Remembering Ronald Reagan (Still My President!)

(This piece was first published June 4, 2007.)

It was a firm handshake accompanied by a warm smile.  Never ever, could or would I have guessed that I was shaking the hand of one of the greatest men of our time — no other than the 40th president of the United States of America, Ronald Reagan.

It was in the early sixties, to the best of my recollection.  I was a young inspired startup filmmaker then, just about to make his first feature film at the tender age of 22.  I still spoke with a strong European accent as I had immigrated to the United States only 10 years earlier as an Estonian refugee via Germany and was experiencing, in reality and the real sense of the word, “the American Dream”.

It was a rainy day in Chicago.  My associate of same age, Larry Leveret, a press agent and I were about to have our morning coffee at a downtown Randolph Street coffee shop, when a man in a trench coat passed us and, nodding slightly, walked on.  It was my partner Larry who, with sudden recognition of the man, ran after him and brought the man in the trench coat back to where I was standing.  Larry introduced me as his producer friend Bill Rebane.  I was speechless for at least several seconds before I realized that it was Ronald Reagan that offered me his hand with a calming smile and an opening line:  “I understand you’re making a picture?”  While flushed and momentarily dumbfounded, I managed to quickly recite my efforts in connection with making my science fiction film, titled Terror at Halfday.

The drizzle had turned to rain.  Recognizing this uncomfortable situation, Mr. Reagan suggested that we should move under the marquee of the United Artists Theater, where our conversation continued for the better part of ten minutes.  I recall another question asked by him.  Where I was from originally?  When I stated Estonia, he followed, “How long have you been in America?”  When I told him ten years, he complimented me on the good English I spoke.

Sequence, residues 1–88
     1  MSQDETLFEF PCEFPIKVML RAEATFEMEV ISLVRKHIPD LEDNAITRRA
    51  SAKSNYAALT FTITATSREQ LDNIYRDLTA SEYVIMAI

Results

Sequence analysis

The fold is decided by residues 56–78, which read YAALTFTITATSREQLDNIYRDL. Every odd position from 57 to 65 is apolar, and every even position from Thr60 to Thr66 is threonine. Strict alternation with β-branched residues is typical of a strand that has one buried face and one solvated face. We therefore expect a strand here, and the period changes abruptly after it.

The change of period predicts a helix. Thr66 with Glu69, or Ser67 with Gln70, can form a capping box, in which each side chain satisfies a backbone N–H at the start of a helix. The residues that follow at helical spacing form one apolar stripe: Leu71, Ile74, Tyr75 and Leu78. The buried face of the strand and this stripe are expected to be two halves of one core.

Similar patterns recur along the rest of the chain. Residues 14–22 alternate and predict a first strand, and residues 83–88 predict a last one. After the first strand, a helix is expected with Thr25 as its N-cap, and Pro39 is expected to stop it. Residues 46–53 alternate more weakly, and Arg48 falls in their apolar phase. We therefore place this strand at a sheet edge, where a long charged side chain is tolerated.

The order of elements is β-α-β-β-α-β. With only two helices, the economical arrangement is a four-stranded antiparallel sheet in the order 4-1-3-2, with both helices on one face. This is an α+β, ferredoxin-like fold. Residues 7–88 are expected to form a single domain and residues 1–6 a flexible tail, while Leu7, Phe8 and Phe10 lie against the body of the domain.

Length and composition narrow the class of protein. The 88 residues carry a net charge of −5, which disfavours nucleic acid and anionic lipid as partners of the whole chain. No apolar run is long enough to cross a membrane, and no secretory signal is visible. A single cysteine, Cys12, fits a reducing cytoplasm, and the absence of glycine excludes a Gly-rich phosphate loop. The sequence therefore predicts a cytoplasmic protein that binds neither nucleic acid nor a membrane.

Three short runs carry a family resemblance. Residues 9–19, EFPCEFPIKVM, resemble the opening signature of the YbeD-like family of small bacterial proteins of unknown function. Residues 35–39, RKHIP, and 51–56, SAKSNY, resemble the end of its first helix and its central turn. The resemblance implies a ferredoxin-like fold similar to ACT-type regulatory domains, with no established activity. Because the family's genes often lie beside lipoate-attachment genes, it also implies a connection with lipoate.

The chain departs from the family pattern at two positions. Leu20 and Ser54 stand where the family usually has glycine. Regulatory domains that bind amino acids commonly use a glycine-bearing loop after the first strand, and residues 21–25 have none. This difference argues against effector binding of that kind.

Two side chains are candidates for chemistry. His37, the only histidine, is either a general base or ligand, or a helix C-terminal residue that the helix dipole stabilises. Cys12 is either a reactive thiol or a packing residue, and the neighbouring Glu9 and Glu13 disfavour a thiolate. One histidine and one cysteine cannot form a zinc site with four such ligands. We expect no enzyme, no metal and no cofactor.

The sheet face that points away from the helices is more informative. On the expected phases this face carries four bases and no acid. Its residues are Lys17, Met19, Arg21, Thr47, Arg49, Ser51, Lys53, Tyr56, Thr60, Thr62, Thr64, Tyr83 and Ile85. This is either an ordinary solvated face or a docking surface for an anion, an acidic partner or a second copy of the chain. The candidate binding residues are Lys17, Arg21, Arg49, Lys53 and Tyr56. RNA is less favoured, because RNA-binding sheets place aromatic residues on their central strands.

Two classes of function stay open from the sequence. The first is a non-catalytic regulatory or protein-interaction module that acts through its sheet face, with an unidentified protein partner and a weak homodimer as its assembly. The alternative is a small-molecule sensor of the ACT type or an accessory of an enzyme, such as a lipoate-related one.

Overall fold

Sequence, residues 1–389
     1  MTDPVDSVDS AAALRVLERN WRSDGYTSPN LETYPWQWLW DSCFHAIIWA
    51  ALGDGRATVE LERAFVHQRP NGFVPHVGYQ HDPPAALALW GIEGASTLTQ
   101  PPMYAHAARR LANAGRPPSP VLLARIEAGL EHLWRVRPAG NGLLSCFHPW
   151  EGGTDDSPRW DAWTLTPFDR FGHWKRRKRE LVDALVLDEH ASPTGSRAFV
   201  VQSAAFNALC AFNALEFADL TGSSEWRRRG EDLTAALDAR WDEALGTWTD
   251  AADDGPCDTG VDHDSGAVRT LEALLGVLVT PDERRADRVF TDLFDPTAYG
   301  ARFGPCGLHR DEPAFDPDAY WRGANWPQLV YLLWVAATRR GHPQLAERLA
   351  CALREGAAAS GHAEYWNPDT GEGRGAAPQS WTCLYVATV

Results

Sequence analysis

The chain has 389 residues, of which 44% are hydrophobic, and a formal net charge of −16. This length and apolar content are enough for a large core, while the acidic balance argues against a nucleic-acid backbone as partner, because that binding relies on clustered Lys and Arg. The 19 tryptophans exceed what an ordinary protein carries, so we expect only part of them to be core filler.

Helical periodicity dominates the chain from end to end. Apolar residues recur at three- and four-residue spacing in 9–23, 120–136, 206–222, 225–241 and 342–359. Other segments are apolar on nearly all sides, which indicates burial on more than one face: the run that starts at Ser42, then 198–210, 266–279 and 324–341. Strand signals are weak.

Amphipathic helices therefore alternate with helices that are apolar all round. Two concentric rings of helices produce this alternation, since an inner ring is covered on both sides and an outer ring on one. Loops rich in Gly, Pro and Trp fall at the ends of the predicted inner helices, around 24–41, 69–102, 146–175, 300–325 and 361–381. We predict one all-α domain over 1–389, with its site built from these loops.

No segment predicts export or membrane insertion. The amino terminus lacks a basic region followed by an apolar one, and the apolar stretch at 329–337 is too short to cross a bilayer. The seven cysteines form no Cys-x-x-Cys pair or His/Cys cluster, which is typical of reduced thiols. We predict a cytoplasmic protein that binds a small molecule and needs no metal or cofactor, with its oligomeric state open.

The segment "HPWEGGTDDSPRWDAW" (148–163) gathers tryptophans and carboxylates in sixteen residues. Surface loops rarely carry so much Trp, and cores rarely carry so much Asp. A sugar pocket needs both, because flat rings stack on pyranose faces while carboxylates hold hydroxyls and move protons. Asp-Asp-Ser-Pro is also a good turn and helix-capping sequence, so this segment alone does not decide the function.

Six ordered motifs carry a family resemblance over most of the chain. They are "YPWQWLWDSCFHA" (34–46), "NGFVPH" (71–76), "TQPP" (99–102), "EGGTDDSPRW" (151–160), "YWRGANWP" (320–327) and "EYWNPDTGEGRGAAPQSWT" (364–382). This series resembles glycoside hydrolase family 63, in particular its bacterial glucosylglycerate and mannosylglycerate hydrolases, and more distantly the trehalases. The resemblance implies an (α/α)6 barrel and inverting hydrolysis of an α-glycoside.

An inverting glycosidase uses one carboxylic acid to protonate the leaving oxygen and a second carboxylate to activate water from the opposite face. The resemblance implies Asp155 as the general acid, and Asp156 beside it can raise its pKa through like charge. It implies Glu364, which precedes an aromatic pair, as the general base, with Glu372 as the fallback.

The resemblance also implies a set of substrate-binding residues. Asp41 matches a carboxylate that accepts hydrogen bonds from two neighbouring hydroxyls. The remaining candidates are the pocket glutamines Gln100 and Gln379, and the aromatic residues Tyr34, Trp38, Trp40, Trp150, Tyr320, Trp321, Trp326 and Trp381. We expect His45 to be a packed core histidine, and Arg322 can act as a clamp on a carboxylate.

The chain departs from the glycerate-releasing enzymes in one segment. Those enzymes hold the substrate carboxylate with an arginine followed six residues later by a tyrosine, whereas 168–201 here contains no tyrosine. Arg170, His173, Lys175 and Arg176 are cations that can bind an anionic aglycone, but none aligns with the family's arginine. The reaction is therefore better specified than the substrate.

To belabor the rest of our conversation would be less impacting than the fact that it was only after Mr. Reagan became Governor of California and President of the United States when I realized that here was a man who at the time I met him was a Star with way over fifty movie credits behind him.  And yet, there he stood on a Randolph Street sidewalk with two fledgling filmmakers in the rain, having a casual conversation and expressing genuine interest in a project he had no knowledge of, other than our ramblings of hopes and wishes.

The outcome of this half-a-century ago meeting almost resulted in Ronald Reagan starring in my film, Terror at Halfday, opposite June Travis.  As it turned out, it was the investors that were lined up for the film who later thought it was not worth investing in, as they considered Ronald Reagan at that time a “Has Been” and not worth ten cents at the box office.

For me, however, the big picture was that the impact of this memorable meeting really did not resonate in my soul until President Ronald Reagan said “Tear down this wall, Mr. Gorbachev” and, with that, liberated my home country of Estonia from the grips of Communism. But even that pales in comparison to the man Ronald Reagan, who took the time out, getting wet in the rain to listen to a young man’s dreams and ambitions. It is this latter truth and the realization of same that fills me with pride and overwhelming respect for the great human being that Ronald Reagan, “the man” and “leader of the free world”, really was.

During his presidency and as I matured, I realized the impact this meeting and Ronald Reagan’s presidency have made on my life.  He taught me what it is to be an American, to follow my convictions, to believe in myself and the perpetuation of the American Dream.  If that still exists and is possible, it will be because of our great President, Ronald Reagan.  Like millions of other Americans, I will miss his shining example of leadership greatly.

Bill Rebane

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